Grand Canyon University to appeal U.S. Dept. of Education $37.7 million fine
PHOENIX (3TV/CBS 5) – Officials at Grand Canyon University have announced they will appeal a multi-million dollar fine issued by the U.S. Department of Education after allegations that the school misled the costs of its doctoral programs.
The feds say that GCU’s data show that less than two percent of graduates completed the program with the advertised costs. But university president Brian Muller denied the allegations within the hour, adding that the school’s third-party accreditor found its marketing practices were appropriate and clear. In a news conference held Thursday, the school announced that it is appealing what it calls an “unprecedented and unjust” fine levied against GCU. The school adds it has vowed to defend “broader efforts to target” the university by the feds.
During the news conference, Muller further detailed what the university claims are retaliatory efforts by the feds after the Education Department failed to recognize its nonprofit status, like every other entity, including the IRS. “What’s really going going on here? That was absolutely ludicrous, ridiculous,” he told the media. Arizona’s Family has previously reported that the Federal Trade Commission and the school’s third-party education accreditor have found no problems with its marketing efforts. GCU has also refuted claims that the school cold-calls potential students and only reaches out to those who have expressed interest in the degree programs.
“GCU does not mislead or deceive students in any way,” Mueller said. “In fact, the opposite is true given that GCU goes above and beyond what is legally required and is considered by its peers to be a leader in higher education transparency. Rather than applaud such efforts or work cooperatively with GCU in a matter that could easily be resolved in a 10-minute phone call, the Department has instead chosen to impose a record fine, which speaks to their agenda and motivations.”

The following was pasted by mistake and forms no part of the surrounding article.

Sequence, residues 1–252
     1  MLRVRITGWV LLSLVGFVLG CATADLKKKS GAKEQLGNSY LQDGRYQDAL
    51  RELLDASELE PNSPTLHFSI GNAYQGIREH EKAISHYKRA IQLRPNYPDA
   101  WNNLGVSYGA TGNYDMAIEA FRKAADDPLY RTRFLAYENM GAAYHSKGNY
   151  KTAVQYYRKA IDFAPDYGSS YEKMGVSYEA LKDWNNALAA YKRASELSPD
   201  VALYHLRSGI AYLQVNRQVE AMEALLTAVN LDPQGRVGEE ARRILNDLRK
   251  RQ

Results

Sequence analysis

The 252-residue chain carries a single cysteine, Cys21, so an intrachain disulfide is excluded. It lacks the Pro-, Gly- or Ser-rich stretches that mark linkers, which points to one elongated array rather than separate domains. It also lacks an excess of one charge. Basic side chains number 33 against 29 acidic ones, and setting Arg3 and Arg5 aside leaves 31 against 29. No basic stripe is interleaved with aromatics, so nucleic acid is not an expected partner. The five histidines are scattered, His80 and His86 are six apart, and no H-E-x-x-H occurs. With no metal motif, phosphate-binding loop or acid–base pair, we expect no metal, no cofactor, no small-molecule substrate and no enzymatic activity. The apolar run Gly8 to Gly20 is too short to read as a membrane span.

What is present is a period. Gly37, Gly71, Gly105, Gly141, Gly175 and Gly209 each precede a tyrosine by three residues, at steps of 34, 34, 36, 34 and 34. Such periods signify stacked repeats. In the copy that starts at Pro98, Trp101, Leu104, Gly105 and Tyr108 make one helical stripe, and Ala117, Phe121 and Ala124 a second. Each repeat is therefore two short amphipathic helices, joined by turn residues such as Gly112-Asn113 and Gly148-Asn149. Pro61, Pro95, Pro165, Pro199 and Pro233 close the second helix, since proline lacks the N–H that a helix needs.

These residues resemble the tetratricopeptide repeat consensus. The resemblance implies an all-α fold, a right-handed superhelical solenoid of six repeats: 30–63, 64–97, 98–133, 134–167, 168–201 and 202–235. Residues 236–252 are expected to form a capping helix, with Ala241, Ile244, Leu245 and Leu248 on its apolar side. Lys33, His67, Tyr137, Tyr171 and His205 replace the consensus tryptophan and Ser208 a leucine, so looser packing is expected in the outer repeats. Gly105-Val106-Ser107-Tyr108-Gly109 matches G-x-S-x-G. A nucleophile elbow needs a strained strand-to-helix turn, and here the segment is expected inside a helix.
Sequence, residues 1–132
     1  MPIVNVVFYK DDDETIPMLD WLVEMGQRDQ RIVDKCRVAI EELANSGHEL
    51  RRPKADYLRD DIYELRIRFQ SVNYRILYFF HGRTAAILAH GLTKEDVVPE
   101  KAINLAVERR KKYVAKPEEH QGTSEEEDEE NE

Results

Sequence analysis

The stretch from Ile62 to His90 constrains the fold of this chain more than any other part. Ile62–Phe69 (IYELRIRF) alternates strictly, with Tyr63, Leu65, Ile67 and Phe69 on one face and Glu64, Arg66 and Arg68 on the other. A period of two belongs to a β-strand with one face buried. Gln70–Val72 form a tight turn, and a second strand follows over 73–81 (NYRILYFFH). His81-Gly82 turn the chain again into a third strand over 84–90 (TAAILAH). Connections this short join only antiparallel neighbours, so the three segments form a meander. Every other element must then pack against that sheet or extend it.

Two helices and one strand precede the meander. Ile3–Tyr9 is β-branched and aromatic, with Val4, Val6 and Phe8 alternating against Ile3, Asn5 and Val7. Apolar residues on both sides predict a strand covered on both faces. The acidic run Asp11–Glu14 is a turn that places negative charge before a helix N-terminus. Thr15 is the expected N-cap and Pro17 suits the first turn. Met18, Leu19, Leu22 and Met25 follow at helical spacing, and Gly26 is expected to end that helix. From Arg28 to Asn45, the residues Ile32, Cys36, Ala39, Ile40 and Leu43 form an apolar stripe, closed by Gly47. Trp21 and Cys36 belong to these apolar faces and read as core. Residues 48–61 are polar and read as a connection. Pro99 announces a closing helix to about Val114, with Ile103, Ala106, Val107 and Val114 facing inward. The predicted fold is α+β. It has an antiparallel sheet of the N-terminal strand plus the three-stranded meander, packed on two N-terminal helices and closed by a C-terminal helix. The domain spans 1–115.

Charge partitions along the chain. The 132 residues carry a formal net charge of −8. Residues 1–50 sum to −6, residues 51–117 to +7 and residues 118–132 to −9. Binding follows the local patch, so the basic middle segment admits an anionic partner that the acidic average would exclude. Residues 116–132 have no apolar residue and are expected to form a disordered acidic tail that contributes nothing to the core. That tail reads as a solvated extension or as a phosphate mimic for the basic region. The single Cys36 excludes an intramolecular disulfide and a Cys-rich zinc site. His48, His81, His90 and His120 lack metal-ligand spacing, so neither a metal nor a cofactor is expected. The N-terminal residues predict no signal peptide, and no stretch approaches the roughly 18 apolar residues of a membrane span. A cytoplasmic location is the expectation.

Muller demonstrated in a slideshow presentation that the school provides direct cost estimates for each school year and degree program. Federal guidelines only require that the net price be shown for first-year, first-time students in undergraduate programs. In addition, GCU’s own research shows that only 2% of universities show total program costs for doctoral programs. “The GAO report , which we don’t believe GCU was part of, shows that 91% of the colleges reviewed have misleading information or understate the net price in their financial aid offers to prospective students. That includes 41% of colleges that do not even provide a net price in their offers to students,” the university said in a news release.
“The point of sharing these studies is not to disparage other universities,” Mueller explained. “Rather, it highlights the selective enforcement from the Department in singling out GCU. We maintain that not only is there nothing misleading about GCU’s disclosures but that we provide higher levels of transparency than are observed in higher education. In short, we are taking a leadership role in this issue.”
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